Friday, 19 February 2016

How I explain software testing to people who don't work in IT

Can you think of a time when you've been frustrated while using your computer?

There are a lot of reasons that you might feel this way. A website that takes a long time to load. Error messages that stop you from doing what you want to do. Being unable to find that thing you need within all the options that are available in a menu.

Every time you get frustrated, you are encountering what software testers call a bug. Simply put, a bug is something that bugs you, and my job is to prevent bugs from reaching you.

To do this, I talk to the business people who ask for the software, the designers who decide what it will look like, and the analysts who specify how it should work. I think of things that I have seen cause problems in the past and try to prevent the same mistakes from being made again.

I sit alongside developers, the people who write the code that creates the software, and pick up problems while they work. Sometimes they miss a piece of what they're supposed to do, or I might disagree with the way that they've chosen to write something.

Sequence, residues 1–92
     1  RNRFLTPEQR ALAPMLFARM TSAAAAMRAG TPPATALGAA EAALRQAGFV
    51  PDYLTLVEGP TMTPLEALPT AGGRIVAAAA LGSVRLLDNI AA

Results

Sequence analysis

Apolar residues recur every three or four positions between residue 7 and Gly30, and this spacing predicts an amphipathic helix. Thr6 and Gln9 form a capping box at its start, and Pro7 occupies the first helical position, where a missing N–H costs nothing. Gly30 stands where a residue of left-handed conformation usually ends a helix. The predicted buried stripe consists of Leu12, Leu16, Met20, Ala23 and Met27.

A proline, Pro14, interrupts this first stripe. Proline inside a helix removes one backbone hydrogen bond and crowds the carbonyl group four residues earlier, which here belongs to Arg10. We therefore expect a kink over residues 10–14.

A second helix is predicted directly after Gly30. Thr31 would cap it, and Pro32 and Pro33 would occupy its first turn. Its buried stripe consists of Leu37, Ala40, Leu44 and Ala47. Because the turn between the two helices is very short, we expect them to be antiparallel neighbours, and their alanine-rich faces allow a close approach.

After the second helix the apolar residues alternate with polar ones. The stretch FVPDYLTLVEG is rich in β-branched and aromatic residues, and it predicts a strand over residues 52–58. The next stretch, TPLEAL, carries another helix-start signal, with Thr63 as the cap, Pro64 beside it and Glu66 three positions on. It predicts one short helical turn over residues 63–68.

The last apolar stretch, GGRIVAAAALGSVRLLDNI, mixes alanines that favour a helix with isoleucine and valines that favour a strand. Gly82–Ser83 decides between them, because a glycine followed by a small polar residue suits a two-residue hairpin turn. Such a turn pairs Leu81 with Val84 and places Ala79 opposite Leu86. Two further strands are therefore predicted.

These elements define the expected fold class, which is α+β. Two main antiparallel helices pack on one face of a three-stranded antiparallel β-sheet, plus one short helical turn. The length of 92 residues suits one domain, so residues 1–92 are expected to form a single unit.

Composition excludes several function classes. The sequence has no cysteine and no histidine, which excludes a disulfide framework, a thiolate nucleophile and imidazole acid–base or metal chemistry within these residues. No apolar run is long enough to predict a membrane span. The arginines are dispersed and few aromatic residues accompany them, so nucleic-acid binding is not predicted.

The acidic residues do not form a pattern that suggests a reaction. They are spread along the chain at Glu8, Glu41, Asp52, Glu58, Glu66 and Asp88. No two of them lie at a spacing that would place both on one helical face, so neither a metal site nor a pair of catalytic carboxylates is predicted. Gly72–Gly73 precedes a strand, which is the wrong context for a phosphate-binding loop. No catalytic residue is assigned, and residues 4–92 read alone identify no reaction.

Once the software is finished, I check that it works. I think about all the ways that people might intentionally or accidentally break it, and make sure we handle that elegantly. I see if it works on all different sorts of computers and mobile devices. I check whether it is easy to use, responsive, and secure.

All through this process, I am testing. I test through conversation. I test by actually using the software on my computer. And I test by writing automated checks with tools that can run the same things over and over again, to make sure that specific bits of the software are working properly.

Testing helps to eliminate the things that bug you. It's an important part of creating software that people feel happy to use.


  1. Excellent post Katrina. As a lean tester I would also say

    "I make sure that the software you use does not have features you don't really need and that could confuse you. This way you also get the most important updates to your software as quickly as possible.
    I also observe and monitor how you and the other customers use the software and read the feedback you send so that you can always have the best possible experience."

  2. Good thinking, all though I see testing being more than "eliminating bugs". And that doesn't make it easier to explain :-) - even to IT folks.

    I was down a similar path on these two discussions on the STC: